For booking/inquiries:

Now that you know more about Avenging Wind and Dump Truck Blues: Battle Cry of The Wanderlust, you can discover the project on his Bandcamp page, or directly by clicking on the link below. Listen, enjoy, support and share!

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6 Comments (+add yours?)

  1. Fathom 9
    Dec 15, 2013 @ 12:43:25

    (from the ether..)

    Excellent interview. A. Wind makes me…proud. Looking forward to more from him in the very near future.


    • Carminelitta
      Dec 15, 2013 @ 12:45:41

      Haha thanks for making an appearance Fathom 9! 🙂


  2. Lila Simmons
    Dec 15, 2013 @ 20:11:25

    Carminelitta, these are great questions. You really know how to bring out his genius.

    This album is unique and soulful. I’m biased because I got to witness much of the pre-creative process and I know what a labor of love this was for him; literal labor. He poured his soul into this project.

    From some of the reviews I’ve heard, his music is like opera. If it’s not love at first listen, you’ll learn to appreciate it. So, listen. Then buy. Then appreciate. Then buy more for friends. 😉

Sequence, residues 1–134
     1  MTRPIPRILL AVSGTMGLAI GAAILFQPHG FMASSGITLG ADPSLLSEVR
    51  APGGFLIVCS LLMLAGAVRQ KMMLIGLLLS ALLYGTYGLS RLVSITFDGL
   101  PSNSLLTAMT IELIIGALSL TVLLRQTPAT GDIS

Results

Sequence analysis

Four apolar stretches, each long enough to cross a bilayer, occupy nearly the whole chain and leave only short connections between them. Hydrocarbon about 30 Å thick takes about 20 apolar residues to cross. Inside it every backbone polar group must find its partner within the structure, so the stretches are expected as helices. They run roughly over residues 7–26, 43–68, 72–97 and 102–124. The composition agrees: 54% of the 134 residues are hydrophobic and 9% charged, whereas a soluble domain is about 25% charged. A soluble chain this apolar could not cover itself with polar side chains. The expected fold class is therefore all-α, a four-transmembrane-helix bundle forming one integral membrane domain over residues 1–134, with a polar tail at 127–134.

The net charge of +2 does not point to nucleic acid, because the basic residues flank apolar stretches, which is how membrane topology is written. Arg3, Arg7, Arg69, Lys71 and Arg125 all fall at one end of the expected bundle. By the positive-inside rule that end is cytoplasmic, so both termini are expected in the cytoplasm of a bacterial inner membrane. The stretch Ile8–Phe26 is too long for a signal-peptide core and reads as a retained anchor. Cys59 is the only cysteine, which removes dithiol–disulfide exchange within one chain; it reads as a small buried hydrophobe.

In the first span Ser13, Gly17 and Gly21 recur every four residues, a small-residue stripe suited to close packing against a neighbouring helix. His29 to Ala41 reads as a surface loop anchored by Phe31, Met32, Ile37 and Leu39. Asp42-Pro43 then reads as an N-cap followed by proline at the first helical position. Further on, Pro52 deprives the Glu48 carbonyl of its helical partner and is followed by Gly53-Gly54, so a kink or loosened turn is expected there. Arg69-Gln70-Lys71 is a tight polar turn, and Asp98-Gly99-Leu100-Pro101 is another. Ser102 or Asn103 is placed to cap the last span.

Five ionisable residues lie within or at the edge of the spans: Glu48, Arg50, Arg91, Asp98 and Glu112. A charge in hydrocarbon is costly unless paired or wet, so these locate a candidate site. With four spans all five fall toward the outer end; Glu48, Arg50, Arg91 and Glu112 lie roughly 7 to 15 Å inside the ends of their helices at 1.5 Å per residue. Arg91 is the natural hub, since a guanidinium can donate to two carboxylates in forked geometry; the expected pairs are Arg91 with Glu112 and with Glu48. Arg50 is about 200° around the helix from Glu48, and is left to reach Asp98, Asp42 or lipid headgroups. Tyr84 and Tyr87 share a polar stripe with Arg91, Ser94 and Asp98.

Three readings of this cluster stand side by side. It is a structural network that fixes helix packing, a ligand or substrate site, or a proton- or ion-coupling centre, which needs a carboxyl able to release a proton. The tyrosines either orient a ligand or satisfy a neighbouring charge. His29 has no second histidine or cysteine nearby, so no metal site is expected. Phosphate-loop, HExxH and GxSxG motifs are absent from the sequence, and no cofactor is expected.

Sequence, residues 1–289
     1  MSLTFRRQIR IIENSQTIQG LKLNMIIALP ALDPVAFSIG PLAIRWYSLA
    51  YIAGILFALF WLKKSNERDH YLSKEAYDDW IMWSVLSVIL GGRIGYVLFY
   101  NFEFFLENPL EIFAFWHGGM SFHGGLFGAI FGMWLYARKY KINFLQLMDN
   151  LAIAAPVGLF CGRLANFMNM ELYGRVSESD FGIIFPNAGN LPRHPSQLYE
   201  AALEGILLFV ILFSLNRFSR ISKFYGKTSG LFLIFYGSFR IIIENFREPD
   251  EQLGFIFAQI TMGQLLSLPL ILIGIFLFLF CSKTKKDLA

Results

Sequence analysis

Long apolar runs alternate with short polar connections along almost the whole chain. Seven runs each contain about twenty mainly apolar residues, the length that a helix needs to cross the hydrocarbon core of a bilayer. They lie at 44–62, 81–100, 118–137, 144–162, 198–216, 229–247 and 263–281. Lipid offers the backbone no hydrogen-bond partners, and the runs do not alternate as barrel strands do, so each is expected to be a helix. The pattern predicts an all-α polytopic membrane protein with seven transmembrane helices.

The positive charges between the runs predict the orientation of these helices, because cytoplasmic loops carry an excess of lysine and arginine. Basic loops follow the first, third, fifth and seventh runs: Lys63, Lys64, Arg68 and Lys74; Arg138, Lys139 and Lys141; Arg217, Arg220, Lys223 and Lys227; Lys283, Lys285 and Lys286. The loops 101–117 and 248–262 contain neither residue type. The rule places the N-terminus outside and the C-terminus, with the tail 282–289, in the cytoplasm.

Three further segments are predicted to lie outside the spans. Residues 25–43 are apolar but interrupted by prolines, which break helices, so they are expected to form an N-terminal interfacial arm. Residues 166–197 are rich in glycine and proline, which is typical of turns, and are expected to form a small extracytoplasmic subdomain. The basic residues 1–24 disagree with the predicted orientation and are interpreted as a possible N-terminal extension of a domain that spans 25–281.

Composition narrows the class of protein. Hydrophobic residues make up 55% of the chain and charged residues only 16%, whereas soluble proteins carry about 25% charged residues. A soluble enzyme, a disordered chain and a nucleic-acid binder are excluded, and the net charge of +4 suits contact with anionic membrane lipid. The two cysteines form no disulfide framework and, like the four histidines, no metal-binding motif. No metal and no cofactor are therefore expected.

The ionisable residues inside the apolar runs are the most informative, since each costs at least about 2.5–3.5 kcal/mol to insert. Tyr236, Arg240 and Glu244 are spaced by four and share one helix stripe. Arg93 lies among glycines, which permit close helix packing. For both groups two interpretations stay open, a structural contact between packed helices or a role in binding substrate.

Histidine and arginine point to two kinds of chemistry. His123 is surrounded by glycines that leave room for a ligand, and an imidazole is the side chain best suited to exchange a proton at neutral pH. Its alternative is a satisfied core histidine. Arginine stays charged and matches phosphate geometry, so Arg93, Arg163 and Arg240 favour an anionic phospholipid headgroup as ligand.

• Carminelitta
      Dec 15, 2013 @ 20:58:46

      Thank you Lila, I’m glad you liked my questions. I always try to provide a platform for artists to express themselves and share what makes their art so unique and beautiful. Most of the case, as with this one, they manage to blow me away with the quality of their answers. As for the album, it was a case of love at first listen for me, but I can understand it may be a grower for others. In any case, I hope this interview will help reach more music lovers!